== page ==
Monday, June 11, 2007

On fanaticism and hypocrisy

June 2

Left: Garbage thrown by settlers onto fencing over Hebron's old city market. This used to be the center of Hebron's consumer economy, now it's virtually a ghost town.

The only interesting case that came into the ER today was an old woman, probably in her late fifties or early sixties, who’d been kicked in the face by a donkey. I couldn’t help but chuckle at the relentless bad luck: you’re born in Palestine, you become a refugee in 1948, the Israelis come back to haunt you in 1967, you survive the First and Second Intifadas, you live your whole life as a peasant farmer, and then your damn donkey kicks you in the face so hard he breaks your maxillary bone and slices a three-inch-wide laceration into your cheek. There’s little respite for the Palestinians, and none for their poor. Ours is a life truly blessed.

More on the water I drink and bathe in at Musa’s house. Like I said before, it comes into the village on trucks at outlandish prices. But where does it come from? How does it get into those trucks in the first place?

“The situation is ridiculous,” says Musa. “It comes from Kiryat Arba. It’s illegal, even by the Israelis [i.e., under Israeli law], but they hire Palestinian lorries and they split the profit.” That’s Kiryat Arba, the settlement of perhaps the most hardcore Jewish religious fanatics in the West Bank, built right inside Hebron. These are the people who write “Arabs to the gas chambers” in graffiti in Hebron’s beautiful old city during Jewish holidays, when the Army shuts the whole city down so that these lunatics can go on their rampages unimpeded; the people who erected a shrine to Baruch Goldstein (who murdered 29 praying Palestinians at the Ibrihim Mosque on February 25, 1994, if I remember the date correctly; that year’s Purim festival). These people have such a dearth of shame that they will sell Arabs water they’ve stolen from them at 10-100 times the price they pay each other for it. They will allow Arab truck drivers into their settlement to pick up the profitable contraband for delivery but shoot Palestinian farmers who try to tend their olive groves and beat Palestinian children for the crime of walking to school (along with the international Christian Peacemakers Team members who accompany them). I don’t know how to describe such people without using Nazi analogies, so I won’t.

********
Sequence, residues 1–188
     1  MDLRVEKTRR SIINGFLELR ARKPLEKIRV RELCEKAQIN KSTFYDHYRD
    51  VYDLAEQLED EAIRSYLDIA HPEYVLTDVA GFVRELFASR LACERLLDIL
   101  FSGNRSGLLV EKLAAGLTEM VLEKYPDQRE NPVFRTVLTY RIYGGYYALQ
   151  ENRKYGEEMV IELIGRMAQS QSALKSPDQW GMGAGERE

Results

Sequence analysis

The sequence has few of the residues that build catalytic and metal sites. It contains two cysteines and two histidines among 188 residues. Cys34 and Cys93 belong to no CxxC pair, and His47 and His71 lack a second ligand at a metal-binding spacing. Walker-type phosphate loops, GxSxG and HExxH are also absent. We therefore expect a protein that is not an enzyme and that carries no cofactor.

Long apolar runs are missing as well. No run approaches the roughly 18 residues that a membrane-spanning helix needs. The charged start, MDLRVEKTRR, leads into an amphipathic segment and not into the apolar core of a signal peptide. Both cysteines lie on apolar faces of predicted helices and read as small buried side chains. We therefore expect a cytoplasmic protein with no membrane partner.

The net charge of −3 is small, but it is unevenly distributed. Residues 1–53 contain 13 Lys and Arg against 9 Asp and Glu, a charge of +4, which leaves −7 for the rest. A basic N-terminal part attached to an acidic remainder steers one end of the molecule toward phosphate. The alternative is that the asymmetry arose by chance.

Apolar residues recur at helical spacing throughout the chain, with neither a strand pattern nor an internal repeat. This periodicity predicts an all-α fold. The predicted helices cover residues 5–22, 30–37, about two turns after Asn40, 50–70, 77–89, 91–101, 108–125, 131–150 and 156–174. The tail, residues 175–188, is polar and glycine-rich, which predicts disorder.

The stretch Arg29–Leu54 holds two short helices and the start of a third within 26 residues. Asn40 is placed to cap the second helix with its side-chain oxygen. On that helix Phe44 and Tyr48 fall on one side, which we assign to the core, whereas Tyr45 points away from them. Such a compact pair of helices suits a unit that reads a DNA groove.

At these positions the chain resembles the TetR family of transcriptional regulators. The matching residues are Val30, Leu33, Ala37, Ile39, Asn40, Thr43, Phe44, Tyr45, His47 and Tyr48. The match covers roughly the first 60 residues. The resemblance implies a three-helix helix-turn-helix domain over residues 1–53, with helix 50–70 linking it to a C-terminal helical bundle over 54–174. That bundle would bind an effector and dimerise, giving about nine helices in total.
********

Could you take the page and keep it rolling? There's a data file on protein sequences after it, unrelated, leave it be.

Note, again, that there is obviously no shortage of water here since the settlers are willing to sell it off. The issue for Israel is control of water in order to deny it to the Palestinians, not access for the settlers.

Musa also told me about a nearby collection of villages whose names I will now misspell: Yata, Diaya and Samour. Musa told me B’tselem wrote a report about their water situation, which is quite enlightening. About two-thirds of the houses in these villages have been cut from the water network, and so are in the same situation as Musa’s village; about one-third of the houses remain connected to the water network.

Those houses connected to the network get normally-priced water from the tap. How much do they get? On average, one day of running water every three months. One day out of ninety. Apartheid can’t get much clearer without putting up signs designating separate Jewish and Arab water fountains.